> converting all the code to ANSI (except arm-xdep.c) and started
 > converting all the macros in tm-arm.h to functions in preparation for
 > being multi-arch friendly.  I'm certain I have missed a few though.  I
 > intend to revisit the code.
 > I have compiled, linked, and run the testsuite for GDB successfully for
 > build = host = target=arm-unknown-linux-gnu.
 >                === gdb Summary ===
 > # of expected passes            6009
 > # of unexpected failures        48
 > # of unexpected successes       2
 > # of expected failures          195
 > # of unresolved testcases       3
 > I have compiled and linked for GDB successfully for:
 > 	build=host=arm-unknown-linux-gnu, target=arm-elf
 > 	build=host=arm-unknown-linux-gnu, target=arm-coff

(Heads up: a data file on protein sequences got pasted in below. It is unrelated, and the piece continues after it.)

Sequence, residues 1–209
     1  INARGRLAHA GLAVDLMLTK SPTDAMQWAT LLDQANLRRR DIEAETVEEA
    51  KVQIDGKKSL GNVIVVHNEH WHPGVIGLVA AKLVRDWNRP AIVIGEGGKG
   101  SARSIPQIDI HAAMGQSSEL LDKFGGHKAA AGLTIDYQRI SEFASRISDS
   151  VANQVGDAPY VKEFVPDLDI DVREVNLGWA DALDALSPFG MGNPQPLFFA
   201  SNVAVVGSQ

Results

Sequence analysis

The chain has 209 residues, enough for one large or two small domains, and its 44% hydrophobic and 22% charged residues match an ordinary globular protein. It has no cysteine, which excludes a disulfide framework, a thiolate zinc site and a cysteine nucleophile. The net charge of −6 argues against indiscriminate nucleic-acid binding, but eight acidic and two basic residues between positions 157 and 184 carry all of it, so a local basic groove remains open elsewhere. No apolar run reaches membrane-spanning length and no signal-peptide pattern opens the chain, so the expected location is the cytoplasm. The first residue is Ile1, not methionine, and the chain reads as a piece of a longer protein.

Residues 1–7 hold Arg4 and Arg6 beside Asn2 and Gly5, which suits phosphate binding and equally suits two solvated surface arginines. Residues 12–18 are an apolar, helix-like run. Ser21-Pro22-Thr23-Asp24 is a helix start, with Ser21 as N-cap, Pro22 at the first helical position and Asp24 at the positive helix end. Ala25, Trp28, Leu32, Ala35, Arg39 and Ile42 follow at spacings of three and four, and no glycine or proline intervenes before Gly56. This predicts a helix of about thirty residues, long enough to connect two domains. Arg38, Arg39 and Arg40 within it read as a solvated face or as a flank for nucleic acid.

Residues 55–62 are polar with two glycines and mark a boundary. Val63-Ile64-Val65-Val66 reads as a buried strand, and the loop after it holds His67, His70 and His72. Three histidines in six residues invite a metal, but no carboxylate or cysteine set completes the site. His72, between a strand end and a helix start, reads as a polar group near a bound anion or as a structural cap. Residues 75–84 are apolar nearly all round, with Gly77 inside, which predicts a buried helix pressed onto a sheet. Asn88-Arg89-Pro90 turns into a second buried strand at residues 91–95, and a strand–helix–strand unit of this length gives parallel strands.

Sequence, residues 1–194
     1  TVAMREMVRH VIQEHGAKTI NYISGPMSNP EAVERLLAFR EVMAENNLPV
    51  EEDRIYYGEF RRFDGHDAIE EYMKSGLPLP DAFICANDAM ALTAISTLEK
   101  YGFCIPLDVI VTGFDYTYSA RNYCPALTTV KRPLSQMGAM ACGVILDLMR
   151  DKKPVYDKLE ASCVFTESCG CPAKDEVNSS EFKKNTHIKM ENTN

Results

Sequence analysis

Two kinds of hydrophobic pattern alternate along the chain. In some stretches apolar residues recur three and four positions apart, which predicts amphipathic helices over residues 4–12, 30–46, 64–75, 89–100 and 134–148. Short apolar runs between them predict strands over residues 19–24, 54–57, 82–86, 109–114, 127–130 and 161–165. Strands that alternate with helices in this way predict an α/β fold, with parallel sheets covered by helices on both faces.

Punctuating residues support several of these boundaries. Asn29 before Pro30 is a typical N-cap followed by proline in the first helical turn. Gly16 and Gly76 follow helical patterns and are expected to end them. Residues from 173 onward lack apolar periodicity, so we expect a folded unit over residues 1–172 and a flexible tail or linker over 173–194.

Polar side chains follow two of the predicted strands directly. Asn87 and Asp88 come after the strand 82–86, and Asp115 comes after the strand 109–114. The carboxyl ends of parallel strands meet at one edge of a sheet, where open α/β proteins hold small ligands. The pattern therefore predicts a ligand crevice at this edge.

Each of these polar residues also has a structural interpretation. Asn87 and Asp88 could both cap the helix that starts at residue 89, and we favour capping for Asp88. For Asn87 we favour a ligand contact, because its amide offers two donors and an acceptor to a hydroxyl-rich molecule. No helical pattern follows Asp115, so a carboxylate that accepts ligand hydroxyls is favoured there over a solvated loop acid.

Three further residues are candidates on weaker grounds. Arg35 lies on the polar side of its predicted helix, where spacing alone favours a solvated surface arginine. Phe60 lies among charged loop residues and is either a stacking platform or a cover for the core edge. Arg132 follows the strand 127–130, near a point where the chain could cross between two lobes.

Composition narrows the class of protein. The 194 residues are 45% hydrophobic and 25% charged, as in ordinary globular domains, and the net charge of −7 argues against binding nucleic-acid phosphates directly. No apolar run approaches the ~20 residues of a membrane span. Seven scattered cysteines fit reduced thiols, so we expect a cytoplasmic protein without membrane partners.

> 	build=host=i586-pc-linux-gnu, target=arm-unknown-linux-gnu.
 > 	build=host=i586-pc-linux-gnu, target=arm-elf
 > 	build=host=i586-pc-linux-gnu, target=arm-coff
 > This verifies there are no outstanding syntax errors or unresolved
 > externals at least.  The testsuite fails in all cases due to the lack of
 > suitable cross compilers and target hardware.  I don't believe I will be
 > able to run the testsuites successfully for the embedded targets. 
 > The x86 builds wouldn't compile correctly due to the implementations of
 > convert_from_extended(), convert_to_extended().  I have ifdef'd them out
 > ATM, and replaced them with stubs, until I can resolve the problems.
 > I don't have suitable environments to test:
 > 	build=host=sparc-sun-solaris2.5
 > 	build=host=i686-cygwin32
 > TO DO:
 > Shared library support:
 > Both targets make use of IN_SOLIB_CALL_TRAMPOLINE.  This needs to be